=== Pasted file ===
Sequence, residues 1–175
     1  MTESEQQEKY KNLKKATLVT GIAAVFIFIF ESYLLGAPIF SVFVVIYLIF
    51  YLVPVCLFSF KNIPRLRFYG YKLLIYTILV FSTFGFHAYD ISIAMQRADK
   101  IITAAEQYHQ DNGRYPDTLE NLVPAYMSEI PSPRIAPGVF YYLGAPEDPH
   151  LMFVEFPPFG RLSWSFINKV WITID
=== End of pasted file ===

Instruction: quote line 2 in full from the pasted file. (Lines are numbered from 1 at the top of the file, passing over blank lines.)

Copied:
     1  MTESEQQEKY KNLKKATLVT GIAAVFIFIF ESYLLGAPIF SVFVVIYLIF